Asthma and reactive airways disease: The experience of a private pediatric practice in rural Mississippi

P. Kum-Nji, C. L. Mangrem, P. J. Wells, L. M. Klesges, H. G. Herrod

Research output: Contribution to journalArticlepeer-review


Little is known of the prevalence of asthma or reactive airway disease in rural communities. We hypothesized that this condition is very common in our pediatric population in rural Mississippi. The purpose of the present study was to: (1) determine the prevalence of asthma/reactive airway disease (RAD), among patients using our clinic and (2) determine the sociodemographic risk factors associated with exacerbation of symptoms in this community. A convenient sample of 399 children less than 15 years old was included in the study. Clinic records of these patients were reviewed during a one year period beginning from June 1996 to May 1997. The number of times each patient was seen in the clinic for asthma or reactive airway disease was carefully recorded. Asthma was defined as physician-diagnosed wheezing with symptoms of cough, and/or respiratory distress on three or more occasions successfully treated with bronchodilators. The term RAD was sued if these symptoms occurred in less than three occasions. The average age of the sample was 37.6 months. During a one-year period, 11% of the sample were treated for asthma, while 31% were treated for RAD. The results of stepwise linear multivariate regression analyses of independent predictors of asthma/RAD are shown in the table below. There were no interactions between any of the variables. Variables B SE of B Beta T P Very Low Birthweight (<1500 gm) 1.19 0.39 0.15 3.07 0.002 Family History of Asthma 0.34 0.12 0.14 2.86 0.005 Age of Infant Less than 24 mos 0.32 0.12 0.13 2.67 0.008 Exposed to Maternal Smoke 0.28 0.14 0.10 2.08 0.039 Breastfed for at least 2 weeks after Birth -0.29 0.14 -0.10 2.05 0.041 Male Infant 0.25 0.12 0.10 2.02 0.044 Family History of Sinus Problems 0.22 0.12 0.09 1.84 0.066 Asthma and reactive airways disease is a very common problem in our pediatric population. Early prenatal care should be emphasized to decrease the indicence of very low birthweight infants. Breastfeeding should be encouraged during prenatal visits and smoking should be absolutely discouraged in all homes with children. It is recommended that further studies be done to determine if other reasons could help explain the high prevalence of asthma and RAD disease in our community.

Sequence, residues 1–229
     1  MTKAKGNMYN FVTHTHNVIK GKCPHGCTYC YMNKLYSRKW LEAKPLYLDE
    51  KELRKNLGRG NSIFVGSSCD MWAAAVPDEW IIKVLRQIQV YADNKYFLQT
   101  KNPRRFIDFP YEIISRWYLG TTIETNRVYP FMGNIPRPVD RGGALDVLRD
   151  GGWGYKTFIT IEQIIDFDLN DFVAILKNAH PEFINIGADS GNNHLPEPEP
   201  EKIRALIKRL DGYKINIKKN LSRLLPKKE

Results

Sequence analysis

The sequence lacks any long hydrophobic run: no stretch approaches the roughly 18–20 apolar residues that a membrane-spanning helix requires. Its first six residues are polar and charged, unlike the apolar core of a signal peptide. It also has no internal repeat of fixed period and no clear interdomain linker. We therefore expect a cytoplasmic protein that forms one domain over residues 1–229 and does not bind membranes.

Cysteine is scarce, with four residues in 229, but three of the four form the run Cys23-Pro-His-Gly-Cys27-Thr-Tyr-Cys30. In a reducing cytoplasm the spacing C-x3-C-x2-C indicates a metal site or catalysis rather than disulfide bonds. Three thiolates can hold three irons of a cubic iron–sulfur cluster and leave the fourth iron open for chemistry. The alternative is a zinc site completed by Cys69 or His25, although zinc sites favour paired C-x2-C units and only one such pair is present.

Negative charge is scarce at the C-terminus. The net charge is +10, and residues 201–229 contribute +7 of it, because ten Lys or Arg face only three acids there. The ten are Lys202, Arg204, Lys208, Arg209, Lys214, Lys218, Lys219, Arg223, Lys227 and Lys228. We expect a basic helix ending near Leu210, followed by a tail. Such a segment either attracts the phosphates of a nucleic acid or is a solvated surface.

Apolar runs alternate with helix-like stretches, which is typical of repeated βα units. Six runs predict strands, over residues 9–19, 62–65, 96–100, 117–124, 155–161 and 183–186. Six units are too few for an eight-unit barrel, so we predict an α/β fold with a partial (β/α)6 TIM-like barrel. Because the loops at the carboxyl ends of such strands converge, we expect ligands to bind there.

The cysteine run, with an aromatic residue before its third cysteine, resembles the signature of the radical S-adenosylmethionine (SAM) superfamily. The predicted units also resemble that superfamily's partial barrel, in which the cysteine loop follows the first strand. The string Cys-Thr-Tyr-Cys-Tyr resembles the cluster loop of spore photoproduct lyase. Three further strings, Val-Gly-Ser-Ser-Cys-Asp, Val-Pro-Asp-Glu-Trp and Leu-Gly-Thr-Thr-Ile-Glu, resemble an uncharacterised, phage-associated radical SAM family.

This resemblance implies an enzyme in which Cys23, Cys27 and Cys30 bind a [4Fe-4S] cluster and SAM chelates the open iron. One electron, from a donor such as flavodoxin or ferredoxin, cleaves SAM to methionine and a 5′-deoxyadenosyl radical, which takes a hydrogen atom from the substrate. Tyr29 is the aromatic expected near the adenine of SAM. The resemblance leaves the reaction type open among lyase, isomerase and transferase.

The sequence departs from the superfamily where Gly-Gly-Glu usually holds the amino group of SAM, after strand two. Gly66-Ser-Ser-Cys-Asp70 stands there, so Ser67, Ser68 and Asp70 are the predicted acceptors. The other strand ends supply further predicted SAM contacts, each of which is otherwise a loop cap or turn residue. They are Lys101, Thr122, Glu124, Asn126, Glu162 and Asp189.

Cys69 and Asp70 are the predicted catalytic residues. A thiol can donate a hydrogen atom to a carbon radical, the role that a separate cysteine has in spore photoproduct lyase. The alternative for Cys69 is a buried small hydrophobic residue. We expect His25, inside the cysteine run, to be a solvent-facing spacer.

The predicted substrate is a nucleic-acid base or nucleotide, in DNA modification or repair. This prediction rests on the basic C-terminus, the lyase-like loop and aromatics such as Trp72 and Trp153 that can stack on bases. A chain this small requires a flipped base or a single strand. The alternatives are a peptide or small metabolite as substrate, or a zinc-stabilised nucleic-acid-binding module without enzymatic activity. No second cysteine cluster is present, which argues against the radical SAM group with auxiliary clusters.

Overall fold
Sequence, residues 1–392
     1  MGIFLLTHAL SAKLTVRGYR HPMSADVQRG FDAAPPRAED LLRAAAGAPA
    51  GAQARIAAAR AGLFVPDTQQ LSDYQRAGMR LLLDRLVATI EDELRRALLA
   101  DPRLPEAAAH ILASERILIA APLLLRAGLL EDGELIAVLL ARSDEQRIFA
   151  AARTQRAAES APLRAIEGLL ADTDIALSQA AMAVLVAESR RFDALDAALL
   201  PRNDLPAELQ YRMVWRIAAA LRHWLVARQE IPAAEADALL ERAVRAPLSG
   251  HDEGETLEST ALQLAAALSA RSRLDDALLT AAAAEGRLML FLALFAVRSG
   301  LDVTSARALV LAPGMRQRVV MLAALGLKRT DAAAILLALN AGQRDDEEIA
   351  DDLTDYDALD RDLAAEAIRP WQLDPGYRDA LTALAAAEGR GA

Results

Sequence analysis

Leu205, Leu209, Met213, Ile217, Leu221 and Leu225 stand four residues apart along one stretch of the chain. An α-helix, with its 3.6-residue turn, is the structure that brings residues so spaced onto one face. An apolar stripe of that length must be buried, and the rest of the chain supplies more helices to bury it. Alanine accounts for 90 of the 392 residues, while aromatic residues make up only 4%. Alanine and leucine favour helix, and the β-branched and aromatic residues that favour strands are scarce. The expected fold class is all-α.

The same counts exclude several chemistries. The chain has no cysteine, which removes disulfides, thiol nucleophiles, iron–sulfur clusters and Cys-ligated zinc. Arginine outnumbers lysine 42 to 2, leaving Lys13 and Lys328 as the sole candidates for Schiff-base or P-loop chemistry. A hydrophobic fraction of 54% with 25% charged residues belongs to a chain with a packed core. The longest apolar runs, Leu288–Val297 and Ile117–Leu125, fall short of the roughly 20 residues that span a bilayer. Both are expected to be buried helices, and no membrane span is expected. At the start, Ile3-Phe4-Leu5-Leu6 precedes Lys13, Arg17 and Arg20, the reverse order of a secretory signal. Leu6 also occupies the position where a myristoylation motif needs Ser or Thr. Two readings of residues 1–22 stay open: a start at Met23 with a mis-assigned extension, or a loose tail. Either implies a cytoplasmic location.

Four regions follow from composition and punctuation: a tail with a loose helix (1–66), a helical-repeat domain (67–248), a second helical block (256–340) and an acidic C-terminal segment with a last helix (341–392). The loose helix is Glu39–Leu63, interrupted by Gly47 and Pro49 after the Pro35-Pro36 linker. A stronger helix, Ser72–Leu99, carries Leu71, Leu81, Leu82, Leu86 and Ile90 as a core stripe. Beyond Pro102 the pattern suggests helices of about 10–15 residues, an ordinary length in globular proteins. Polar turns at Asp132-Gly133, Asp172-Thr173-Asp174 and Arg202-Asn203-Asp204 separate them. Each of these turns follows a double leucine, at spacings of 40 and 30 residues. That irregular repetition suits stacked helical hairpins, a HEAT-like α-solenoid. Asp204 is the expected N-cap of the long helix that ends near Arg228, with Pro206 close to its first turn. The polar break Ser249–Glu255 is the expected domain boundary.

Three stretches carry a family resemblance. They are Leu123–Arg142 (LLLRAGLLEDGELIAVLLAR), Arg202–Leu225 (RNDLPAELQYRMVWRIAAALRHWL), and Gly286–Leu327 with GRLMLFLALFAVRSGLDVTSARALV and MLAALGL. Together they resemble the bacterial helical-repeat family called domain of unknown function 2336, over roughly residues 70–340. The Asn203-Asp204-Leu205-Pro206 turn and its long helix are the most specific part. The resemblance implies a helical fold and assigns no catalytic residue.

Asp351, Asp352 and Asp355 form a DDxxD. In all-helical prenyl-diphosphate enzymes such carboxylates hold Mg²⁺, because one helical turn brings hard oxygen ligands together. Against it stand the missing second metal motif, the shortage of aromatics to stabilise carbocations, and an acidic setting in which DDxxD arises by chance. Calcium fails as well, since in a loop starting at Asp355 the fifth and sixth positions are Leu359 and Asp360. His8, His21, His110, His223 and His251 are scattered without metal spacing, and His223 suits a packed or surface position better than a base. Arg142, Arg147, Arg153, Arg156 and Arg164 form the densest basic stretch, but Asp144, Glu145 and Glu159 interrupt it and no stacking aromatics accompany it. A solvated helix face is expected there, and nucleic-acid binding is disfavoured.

Original languageEnglish
Pages (from-to)113A
JournalJournal of Investigative Medicine
Issue number2
StatePublished - Feb 1999


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